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2017 #SMSociety Theme: Social Media for Social Good or Evil

Our online behaviour is far from virtual–it extends our offline lives. Much social media research has identified the positive opportunities of using social media; for example, how people use social media to form support groups online, participate in political uprising, raise money for charities, extend teaching and learning outside the classroom, etc. However, mirroring offline experiences, we have also seen social media being used to spread propaganda and misinformation, recruit terrorists, live stream criminal activities, reinforce echo chambers by politicians, and perpetuate hate and oppression (such as racist, sexist, homophobic, and anti-Semitic behaviour).

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Sunday, July 30 • 15:31 - 17:00
Platform-Specific Self-Branding: Imagined Affordances Of The Social Media Ecology [FULL]

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Authors: Brooke Erin Duffy, Urszula Pruchniewska and Leah Scolere

Abstract: Despite the recent uptick in literature on self-branding across the fields of internet studies, business/marketing, and media/cultural industries, the ways in which the digital self-brand gets reproduced across a sprawling social media ecology remains comparatively under-theorized. Our paper draws upon in-depth interviews with 42 creative workers—including designers/artists, bloggers/writers, online content creators, and marketers/ publicists—to understand how independent professionals present themselves and their work in the digital economy. We show that despite the common refrain of maintaining a “consistent” online persona, creative workers continuously negotiate their self-presentation activities through a logic we term platform-specific self-branding. The platform-specific self-brand, we contend, is based upon the “imagined affordances” [43] of individual platforms and their placement within the larger social media ecology. Such imaginations are constructed through the interplay between: 1). platform features; 2) assumptions about the audience; and 3). and the producer’s own self-concept. We conclude that creative workers’ incitement to incessantly monitor and re-fashion their digital personae in platform-specific ways marks an intensification of the “always on” laboring subjectivity required to vie for attention in a precarious creative economy.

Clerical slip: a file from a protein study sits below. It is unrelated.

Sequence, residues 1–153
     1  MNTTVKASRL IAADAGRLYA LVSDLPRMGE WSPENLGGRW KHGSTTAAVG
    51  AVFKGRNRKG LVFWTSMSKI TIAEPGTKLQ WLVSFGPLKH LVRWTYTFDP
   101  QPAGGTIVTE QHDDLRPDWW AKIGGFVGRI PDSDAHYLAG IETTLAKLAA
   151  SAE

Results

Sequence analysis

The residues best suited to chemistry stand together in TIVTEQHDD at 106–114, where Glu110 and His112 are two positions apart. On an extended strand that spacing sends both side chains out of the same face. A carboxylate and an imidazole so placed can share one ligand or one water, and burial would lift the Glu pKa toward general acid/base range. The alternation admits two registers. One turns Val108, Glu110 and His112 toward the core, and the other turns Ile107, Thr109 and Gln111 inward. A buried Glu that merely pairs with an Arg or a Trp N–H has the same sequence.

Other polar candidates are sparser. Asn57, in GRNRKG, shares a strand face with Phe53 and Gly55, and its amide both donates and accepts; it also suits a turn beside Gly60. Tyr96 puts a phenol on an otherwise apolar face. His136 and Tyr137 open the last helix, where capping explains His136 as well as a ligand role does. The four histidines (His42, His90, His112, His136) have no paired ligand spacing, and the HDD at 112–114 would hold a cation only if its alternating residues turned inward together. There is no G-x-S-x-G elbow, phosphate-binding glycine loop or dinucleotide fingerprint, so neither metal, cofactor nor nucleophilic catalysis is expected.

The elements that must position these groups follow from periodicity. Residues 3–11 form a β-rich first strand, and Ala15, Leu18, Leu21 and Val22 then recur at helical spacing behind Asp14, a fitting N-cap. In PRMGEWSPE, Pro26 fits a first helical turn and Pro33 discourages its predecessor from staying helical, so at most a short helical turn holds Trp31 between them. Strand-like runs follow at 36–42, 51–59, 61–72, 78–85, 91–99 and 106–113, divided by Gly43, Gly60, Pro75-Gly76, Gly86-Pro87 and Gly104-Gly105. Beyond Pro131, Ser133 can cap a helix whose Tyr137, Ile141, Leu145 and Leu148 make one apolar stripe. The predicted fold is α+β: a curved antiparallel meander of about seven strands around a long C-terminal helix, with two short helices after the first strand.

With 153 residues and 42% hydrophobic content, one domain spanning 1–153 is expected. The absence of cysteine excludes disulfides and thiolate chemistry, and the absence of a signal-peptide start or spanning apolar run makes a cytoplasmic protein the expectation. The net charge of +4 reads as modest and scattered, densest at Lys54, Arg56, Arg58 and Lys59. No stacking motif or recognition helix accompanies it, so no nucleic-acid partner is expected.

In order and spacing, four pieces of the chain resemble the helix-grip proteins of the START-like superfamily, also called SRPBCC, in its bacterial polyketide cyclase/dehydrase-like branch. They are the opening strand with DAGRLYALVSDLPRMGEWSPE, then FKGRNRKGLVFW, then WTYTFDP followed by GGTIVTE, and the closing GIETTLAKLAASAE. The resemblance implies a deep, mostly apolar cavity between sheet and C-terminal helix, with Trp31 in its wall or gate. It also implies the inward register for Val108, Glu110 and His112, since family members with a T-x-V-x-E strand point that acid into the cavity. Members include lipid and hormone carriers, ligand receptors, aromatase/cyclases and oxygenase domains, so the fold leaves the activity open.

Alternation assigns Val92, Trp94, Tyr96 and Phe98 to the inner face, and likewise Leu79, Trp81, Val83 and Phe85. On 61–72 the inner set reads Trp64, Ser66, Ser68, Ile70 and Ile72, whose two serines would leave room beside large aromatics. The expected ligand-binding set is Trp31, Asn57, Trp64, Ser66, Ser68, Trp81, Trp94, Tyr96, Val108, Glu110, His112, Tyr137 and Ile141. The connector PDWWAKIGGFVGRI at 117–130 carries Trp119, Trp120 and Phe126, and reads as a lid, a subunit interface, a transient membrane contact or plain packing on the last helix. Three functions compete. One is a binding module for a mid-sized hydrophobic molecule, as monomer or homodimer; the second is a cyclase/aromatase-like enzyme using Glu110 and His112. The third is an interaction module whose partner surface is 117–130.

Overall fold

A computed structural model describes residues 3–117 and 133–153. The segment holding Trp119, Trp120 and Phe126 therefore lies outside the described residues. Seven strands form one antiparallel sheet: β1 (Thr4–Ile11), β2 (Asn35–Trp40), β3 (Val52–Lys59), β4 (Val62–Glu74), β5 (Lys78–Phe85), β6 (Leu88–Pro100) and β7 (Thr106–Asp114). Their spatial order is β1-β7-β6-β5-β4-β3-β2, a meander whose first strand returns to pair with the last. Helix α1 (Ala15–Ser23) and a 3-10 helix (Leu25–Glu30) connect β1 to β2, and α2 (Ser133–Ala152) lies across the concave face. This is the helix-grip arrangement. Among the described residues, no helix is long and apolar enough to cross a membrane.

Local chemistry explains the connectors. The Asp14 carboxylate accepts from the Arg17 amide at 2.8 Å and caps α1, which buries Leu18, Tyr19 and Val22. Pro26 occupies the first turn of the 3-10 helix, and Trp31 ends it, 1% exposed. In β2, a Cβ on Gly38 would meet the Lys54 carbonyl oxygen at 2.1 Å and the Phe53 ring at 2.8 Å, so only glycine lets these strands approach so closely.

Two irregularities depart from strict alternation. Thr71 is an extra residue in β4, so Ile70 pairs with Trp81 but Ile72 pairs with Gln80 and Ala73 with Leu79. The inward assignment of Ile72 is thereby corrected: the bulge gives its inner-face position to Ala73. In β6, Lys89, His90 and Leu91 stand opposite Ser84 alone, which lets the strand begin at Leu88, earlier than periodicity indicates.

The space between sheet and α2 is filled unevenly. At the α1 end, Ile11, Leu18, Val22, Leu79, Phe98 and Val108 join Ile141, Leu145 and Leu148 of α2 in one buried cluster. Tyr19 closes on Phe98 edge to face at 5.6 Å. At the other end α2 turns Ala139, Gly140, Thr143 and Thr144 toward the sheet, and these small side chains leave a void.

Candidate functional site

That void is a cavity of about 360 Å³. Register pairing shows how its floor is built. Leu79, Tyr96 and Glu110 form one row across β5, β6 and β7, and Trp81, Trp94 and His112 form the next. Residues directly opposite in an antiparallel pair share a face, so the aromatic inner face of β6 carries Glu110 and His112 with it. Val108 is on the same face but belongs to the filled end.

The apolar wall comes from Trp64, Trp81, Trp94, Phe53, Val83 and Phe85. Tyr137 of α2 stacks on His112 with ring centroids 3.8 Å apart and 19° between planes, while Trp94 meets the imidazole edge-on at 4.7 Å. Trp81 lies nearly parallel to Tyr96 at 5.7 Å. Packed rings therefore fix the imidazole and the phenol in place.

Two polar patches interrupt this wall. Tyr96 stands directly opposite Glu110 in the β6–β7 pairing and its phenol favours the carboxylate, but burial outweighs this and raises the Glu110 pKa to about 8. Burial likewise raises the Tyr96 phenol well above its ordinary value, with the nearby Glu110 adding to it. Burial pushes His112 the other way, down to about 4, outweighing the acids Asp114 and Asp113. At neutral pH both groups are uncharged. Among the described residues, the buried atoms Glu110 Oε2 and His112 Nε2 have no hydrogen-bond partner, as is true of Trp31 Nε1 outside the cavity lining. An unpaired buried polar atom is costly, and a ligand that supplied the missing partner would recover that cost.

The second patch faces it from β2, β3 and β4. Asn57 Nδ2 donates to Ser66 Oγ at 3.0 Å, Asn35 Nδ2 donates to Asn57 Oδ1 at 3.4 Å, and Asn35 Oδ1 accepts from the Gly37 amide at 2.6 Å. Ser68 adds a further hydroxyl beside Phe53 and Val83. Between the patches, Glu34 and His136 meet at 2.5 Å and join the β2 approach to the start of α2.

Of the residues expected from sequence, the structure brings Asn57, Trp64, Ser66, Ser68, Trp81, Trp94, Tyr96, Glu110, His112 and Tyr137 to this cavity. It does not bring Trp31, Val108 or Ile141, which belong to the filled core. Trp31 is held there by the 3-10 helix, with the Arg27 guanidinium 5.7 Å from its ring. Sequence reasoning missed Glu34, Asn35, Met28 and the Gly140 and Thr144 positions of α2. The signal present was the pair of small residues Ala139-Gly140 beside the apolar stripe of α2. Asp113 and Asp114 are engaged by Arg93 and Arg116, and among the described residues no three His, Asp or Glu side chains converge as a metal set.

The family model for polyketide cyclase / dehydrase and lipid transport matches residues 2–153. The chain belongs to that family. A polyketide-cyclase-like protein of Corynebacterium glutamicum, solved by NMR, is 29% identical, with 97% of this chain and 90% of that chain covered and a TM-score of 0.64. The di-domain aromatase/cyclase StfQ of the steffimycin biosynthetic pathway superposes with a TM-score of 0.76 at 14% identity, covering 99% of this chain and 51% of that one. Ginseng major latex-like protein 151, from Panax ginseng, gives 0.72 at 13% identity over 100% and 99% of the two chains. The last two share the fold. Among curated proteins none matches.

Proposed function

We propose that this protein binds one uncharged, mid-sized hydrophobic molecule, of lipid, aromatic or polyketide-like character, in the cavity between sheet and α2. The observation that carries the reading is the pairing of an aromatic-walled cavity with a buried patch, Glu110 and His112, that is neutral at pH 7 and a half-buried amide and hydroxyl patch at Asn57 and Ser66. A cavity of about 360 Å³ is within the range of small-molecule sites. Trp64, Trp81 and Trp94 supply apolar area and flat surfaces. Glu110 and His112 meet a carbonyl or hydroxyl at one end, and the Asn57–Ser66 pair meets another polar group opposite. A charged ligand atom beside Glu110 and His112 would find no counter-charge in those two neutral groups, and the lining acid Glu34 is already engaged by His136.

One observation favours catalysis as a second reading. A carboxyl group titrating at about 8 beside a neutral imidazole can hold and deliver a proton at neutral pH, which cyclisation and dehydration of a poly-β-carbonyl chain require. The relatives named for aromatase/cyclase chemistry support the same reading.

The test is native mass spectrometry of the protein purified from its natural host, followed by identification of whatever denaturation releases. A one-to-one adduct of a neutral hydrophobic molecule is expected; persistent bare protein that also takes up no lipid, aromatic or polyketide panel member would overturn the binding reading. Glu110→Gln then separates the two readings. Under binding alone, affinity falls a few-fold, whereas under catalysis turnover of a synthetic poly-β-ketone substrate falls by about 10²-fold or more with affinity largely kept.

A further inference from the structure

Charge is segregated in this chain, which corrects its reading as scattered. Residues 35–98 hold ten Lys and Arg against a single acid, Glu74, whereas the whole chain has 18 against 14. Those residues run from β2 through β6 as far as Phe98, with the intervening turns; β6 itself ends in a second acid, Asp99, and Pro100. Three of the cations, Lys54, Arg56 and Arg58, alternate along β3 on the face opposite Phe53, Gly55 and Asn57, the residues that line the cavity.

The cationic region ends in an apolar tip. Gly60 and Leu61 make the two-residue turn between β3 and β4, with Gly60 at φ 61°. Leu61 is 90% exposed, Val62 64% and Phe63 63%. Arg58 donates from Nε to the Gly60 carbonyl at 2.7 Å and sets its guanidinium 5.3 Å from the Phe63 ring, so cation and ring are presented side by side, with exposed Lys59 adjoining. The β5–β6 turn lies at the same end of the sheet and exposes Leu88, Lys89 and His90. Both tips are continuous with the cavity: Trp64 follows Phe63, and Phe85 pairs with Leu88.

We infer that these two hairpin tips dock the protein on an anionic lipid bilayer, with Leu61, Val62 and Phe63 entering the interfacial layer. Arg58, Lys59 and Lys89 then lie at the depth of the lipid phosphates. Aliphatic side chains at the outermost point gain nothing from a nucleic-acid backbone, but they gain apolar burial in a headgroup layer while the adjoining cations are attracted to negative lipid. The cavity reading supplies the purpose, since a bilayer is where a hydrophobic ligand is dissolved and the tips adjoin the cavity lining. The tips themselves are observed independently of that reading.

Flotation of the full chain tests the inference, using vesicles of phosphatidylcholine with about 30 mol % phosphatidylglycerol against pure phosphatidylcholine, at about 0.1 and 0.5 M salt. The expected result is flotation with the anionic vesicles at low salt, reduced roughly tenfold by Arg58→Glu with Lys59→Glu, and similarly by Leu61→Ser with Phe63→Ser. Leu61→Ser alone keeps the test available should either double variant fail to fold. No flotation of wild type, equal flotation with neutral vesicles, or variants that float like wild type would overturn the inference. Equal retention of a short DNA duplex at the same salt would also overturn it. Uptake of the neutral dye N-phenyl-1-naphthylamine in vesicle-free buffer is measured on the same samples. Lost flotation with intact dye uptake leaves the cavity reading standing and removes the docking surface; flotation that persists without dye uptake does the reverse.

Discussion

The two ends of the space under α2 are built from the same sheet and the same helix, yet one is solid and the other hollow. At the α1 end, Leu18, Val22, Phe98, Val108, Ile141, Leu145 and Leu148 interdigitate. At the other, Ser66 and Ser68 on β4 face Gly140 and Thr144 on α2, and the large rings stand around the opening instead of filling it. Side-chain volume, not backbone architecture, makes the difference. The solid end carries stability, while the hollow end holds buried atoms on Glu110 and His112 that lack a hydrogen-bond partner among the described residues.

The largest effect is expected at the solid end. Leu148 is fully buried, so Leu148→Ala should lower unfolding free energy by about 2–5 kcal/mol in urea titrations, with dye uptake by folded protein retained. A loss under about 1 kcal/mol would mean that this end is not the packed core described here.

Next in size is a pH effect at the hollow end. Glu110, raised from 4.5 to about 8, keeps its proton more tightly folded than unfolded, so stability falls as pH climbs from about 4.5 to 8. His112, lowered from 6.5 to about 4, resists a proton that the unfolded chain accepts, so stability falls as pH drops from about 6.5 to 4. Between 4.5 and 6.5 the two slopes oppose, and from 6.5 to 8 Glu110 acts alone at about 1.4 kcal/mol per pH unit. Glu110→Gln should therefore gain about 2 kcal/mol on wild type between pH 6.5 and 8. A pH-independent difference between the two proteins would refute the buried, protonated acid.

Sunday July 30, 2017 15:31 - 17:00 EDT
TRS 1-073 - 7th Flr Ted Rogers School of Management, Ryerson University 55 Dundas Street West, Toronto, ON M5G 2C4